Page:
June 2005

Maria Halovanic


In the Ghost-House Acquainted by Kevin Goodan

Don’t let the quiet tone and simple speech of the 2005 L.L. Winship/ PEN New England Award winner fool you, Kevin Goodan’s In the Ghost-House Acquainted is a powerful first collection of poetry that looks unflinchingly at the beauty and pain of living. Like life and history itself, each poem begins in media res, with a “gunshot in river mist,” the body of a dead llama, or a mare delivering a stillborn foal. The reader is always coming onto a scene that has already happened, in the aftermath of some grave violence -- a fire, illness, or death -- and can only look at what happens next. The effect creates a world that is much larger than any of the individual poems.

Goodan’s haunting collection is a recognition of the larger communities that we belong to -- of animals, weather, culture and history, each of which are silent actors in the poems. In fact, the strength of Goodan’s work is in his ability to accept and gracefully illustrate such complex interactions in an unassuming and yet powerful voice, proving that the world we try to tame is more powerful than us and is, indeed, without boundaries. In his poems, god is a field, a dead llama and farmer share the same breath, and wood is transformed when it burns.

The “boundarylesness” of the entire collection, however, is contained by Goodan’s sparse vocabulary. His voice is laconic, even soulful, making use of the same words and subjects as a carpenter makes use of well-worn tools. In the hands of a less-skilled craftsman, such repetition would be tiring, but with his even-temper Goodan uses the repetition to make fine works, dovetailing form and tone. Take for instance, the first half of "Between Brightness and Weight":

Frost on the white barn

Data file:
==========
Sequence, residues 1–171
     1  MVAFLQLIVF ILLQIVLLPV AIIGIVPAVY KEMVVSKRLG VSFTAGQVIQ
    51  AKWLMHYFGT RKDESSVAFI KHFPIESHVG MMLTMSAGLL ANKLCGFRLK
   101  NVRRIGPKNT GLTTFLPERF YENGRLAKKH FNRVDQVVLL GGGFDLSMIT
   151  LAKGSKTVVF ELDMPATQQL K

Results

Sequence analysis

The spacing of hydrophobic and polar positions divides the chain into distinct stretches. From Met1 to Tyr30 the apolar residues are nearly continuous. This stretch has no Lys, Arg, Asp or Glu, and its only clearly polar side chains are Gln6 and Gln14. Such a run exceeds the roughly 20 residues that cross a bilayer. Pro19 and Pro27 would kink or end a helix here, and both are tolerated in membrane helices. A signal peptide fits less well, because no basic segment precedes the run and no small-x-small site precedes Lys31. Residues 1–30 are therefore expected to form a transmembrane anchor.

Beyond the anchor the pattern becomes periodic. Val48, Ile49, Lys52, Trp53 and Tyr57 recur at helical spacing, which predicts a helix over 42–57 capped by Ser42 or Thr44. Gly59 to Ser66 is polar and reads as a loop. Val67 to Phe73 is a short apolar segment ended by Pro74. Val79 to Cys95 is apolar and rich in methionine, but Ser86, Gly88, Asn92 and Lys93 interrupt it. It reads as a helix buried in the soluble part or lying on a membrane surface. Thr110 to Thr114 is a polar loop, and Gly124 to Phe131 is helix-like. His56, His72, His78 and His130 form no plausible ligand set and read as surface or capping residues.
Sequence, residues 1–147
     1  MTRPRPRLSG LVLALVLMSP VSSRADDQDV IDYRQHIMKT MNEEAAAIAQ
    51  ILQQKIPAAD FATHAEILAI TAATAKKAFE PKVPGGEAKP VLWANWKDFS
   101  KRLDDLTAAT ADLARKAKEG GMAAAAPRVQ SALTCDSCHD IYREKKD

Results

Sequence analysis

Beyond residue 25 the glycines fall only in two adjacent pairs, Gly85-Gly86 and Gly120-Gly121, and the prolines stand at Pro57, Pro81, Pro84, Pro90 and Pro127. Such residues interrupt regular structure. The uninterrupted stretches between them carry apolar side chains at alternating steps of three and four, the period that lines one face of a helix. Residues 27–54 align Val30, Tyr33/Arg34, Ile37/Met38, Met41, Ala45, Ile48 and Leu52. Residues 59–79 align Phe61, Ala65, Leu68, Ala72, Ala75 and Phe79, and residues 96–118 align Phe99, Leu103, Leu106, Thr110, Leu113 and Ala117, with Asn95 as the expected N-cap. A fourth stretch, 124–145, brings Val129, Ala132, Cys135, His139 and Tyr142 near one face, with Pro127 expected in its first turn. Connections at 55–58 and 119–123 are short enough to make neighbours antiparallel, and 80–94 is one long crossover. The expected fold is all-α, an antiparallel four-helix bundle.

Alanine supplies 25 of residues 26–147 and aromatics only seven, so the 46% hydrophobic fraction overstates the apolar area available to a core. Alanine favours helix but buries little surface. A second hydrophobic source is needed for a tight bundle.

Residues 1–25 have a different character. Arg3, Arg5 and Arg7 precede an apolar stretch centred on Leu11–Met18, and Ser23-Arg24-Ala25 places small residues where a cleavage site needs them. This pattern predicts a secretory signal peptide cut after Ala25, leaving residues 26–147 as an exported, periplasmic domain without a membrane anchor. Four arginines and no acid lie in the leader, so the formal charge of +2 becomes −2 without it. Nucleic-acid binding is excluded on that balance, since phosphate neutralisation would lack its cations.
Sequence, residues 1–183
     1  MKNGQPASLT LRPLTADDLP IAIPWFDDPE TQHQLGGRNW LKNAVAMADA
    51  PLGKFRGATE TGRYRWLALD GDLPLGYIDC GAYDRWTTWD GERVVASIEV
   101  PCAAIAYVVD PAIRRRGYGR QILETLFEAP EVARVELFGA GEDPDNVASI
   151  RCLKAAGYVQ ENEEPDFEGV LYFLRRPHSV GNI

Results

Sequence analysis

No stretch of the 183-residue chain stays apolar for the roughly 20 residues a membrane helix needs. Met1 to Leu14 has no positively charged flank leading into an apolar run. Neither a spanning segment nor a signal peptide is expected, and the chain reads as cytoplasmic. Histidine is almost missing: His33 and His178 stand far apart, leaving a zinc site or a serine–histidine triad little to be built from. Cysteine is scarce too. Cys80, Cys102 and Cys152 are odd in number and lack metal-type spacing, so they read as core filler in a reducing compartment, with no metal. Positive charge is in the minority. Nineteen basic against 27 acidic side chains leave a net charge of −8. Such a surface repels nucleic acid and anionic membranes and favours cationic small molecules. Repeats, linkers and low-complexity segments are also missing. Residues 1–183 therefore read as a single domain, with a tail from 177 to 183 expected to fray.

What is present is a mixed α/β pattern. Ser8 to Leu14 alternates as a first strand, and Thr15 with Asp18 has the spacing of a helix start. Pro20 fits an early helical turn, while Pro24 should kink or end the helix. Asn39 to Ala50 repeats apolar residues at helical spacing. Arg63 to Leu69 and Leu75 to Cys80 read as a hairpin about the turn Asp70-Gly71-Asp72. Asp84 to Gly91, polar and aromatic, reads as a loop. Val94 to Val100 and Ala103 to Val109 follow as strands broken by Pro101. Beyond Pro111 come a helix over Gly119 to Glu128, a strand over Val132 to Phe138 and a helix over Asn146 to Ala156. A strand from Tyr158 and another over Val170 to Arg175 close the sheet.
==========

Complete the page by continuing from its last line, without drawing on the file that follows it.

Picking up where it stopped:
but not on the red.
Frost on the alder more white
than on thistle and dung.
Against snow in the pasture
where I walk clicking
my tongue among many sparrows rising.
Between brightness and weight.

The poem’s simple structure, combined with richly textured sounds and the beautiful, surprising change from “white” to “weight” keep Goodan’s language alive, transforming it from mere description into a living language, adding to the spiritual nature with which his collection is infused. Rather than a self-indulgent look at the poet as some first books are wont to be, there is always a higher power or a philosophy that guides these beautifully reflective poems. God is never far from In the Ghost-House Acquainted. Goodan’s god, however, is the god of work, of animals, of the terminally ill and the unloved, the god that looks on its subjects but does not act. If it weren’t for the reverence and acknowledgment of this higher power, Goodan’s poems could become depressed or worse, prosaic pastorals with no higher meaning. And yet there is always reverence -- even in the midst of "Barn-cleaning," a very short, emotionally heavy and violent poem:

A pigeon topples down,
cocks a dazed head.
I catch it, try snapping its neck
like a wet towel in air.
Stupid bird! Goddamned bird!
An alien eye.
I set the bird’s head
against a flat rock.
Wings beat my ankle
but I do not rise.
Four and twenty birds
twitch in a barrel.

While the more urban dwellers among us may cringe at the slaughter, we are allowed to look on because of the poet’s reverence for the fight for life found even among the lowest of us. And there’s also reverence, awe even, for the choices we make that allow us to continue living. Which is really what the collection is about. We can choose to be part of this world, or we can choose to turn our back on it like a lover in a fight. No matter what, as it began without us, life will continue, twitching, living, with or without us.

In the Ghost-House Acquainted by Kevin Goodan
Alice James Books
ISBN: 1882295471
56 pages